A Blog detailing the beauty of St. Louis architecture and the buildup of residue-or character-that accumulates over the course of time.
When I was living in Chesterfield from '68 to '81 (before it was Weste Countye), there was a movement by some Olive Street Road subdivisions to change the name of Hog Hollow Road to a white-bread and "more suitable to the times" name. While I forget the actual names proposed, they followed a theme like "Fairview Road" and "Hill-to-Hollowe Road" - kinda like the WASPy "Spiceberry Lane" Martha Stewart manufactured name. Fortunately the County Government held fast to history.The recent successful effort of the newbies to select the name of "Wildwood" over the historic names of "Glencoe" and (Heavens!) hillbilly "Pond" reflect the trend away from time-honored place names to more genteel names is ludicrous - kinda like "Centre" instead of "Center" and "Towne" rather than "Town'"And don't get me started on "Chesterfield Valley" rather than "Gumbo!" I lost a prominent developer as a customer back in the mid-'90s when I poo-pooed the CV moniker instead of Gumbo; turned out he was a prime proponent of the name change and owned beaucoup acres which turned into the sprawl down there.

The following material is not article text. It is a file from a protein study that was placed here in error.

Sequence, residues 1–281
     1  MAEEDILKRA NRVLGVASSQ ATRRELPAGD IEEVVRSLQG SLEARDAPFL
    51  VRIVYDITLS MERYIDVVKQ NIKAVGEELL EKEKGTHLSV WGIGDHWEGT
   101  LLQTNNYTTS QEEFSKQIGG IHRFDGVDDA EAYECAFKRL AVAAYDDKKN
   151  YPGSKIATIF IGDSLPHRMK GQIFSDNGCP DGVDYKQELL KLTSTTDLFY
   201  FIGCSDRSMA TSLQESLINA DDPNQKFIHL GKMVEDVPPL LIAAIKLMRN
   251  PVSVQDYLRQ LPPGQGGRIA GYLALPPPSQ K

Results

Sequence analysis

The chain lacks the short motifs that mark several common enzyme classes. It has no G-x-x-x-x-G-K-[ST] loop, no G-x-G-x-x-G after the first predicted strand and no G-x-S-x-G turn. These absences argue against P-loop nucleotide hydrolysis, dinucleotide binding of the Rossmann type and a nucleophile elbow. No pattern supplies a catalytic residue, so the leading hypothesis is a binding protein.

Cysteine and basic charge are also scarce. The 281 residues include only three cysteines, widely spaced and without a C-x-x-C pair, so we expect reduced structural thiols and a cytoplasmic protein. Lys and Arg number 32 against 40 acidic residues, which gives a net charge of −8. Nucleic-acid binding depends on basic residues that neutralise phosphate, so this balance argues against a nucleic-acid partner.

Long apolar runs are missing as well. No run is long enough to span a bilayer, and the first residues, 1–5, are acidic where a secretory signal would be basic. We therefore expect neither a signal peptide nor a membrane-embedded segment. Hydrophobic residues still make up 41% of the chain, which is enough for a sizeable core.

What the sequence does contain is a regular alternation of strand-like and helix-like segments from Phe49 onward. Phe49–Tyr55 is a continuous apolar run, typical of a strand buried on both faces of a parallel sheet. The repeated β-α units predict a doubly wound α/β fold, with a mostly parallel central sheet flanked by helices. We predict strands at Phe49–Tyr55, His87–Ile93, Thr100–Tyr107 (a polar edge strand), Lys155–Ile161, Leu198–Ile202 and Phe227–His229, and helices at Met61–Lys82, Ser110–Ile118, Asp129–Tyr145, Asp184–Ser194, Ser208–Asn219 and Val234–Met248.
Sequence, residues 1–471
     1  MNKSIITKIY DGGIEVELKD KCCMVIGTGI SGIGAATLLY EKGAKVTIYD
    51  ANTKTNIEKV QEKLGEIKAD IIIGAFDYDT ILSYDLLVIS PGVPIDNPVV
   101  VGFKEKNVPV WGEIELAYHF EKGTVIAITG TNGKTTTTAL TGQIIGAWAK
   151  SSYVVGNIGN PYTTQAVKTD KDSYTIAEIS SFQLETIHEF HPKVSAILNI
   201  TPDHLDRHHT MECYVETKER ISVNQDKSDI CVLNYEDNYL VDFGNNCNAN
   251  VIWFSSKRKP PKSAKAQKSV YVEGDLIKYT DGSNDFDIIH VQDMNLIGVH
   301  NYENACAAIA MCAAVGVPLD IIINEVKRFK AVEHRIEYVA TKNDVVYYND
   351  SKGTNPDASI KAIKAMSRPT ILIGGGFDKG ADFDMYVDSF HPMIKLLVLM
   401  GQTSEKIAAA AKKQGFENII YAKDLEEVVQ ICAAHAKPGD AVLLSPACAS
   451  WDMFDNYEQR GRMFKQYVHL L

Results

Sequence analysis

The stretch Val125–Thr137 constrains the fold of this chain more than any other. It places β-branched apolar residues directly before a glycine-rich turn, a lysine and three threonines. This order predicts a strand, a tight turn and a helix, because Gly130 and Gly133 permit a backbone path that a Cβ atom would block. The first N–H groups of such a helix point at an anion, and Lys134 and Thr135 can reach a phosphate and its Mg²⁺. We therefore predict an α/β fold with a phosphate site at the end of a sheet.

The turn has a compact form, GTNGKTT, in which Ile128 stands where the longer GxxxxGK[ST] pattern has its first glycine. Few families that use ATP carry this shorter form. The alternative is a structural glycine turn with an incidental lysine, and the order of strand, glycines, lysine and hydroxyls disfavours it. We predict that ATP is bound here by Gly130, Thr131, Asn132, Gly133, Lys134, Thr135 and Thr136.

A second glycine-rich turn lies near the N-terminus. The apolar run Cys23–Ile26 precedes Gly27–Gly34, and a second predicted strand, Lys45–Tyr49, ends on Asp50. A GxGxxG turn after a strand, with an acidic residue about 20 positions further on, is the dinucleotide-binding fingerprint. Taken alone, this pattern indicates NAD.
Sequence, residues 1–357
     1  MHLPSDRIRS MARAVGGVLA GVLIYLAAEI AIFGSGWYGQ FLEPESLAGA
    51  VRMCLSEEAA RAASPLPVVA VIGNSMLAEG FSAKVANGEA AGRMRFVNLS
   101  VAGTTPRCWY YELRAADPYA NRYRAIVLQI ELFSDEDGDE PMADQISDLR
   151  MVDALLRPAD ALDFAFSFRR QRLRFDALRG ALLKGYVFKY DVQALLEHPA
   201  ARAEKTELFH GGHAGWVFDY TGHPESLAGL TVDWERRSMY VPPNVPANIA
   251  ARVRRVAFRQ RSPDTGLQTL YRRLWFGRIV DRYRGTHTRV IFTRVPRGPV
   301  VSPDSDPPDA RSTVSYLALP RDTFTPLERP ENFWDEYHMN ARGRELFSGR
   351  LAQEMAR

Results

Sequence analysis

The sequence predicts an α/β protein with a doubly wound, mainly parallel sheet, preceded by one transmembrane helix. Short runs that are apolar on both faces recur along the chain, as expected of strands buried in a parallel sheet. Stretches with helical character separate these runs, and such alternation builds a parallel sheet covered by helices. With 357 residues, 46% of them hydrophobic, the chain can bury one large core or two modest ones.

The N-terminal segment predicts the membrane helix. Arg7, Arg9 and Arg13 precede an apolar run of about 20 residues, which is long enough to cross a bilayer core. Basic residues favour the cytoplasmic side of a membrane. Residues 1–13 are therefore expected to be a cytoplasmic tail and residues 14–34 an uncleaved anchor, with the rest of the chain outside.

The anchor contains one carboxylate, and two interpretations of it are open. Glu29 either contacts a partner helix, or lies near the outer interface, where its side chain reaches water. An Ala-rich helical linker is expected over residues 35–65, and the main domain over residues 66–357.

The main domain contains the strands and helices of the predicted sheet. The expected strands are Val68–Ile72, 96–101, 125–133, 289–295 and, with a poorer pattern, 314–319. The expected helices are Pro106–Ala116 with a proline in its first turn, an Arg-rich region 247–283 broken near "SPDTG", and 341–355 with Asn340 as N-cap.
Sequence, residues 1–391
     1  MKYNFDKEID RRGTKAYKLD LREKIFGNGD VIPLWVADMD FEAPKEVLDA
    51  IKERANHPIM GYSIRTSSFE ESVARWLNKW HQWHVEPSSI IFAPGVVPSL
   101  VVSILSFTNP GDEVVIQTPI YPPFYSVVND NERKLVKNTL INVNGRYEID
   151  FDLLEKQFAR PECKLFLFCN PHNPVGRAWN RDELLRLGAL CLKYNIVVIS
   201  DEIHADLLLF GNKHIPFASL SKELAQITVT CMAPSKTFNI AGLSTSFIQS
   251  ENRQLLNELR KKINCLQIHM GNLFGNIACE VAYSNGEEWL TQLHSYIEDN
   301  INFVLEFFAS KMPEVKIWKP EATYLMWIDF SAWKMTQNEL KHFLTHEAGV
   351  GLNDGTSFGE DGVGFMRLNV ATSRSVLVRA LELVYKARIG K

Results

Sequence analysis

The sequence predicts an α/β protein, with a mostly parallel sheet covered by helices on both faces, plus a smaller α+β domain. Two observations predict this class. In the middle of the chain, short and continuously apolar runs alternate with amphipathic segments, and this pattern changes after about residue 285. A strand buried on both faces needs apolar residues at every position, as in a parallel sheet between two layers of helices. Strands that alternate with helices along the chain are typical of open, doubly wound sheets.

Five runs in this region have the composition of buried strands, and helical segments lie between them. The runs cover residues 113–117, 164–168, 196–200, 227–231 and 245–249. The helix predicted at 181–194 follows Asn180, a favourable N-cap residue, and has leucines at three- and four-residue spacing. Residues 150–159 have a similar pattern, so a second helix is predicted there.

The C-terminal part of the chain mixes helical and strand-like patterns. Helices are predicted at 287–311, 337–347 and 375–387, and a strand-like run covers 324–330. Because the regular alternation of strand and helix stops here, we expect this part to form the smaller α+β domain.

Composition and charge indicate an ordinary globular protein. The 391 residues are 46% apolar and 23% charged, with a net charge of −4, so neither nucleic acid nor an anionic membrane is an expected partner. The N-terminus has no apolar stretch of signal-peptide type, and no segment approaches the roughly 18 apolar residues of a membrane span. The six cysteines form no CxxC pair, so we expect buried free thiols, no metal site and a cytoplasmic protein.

Ah yes, the old changing names of neighborhoods in order to put your brand on an area. My favorite (or most egregious) example is the Shaw neighborhood in Washington, DC. Shaw was equated with the old residents, ie poor, so the gentrifiers had tried to get it renamed Blagden Alley/ Naylor Court, after ONE street in the neighborhood. The long time residents fought back, and the Shaw neighborhood name stuck.http://www.nps.gov/nr/travel/wash/dc67.htm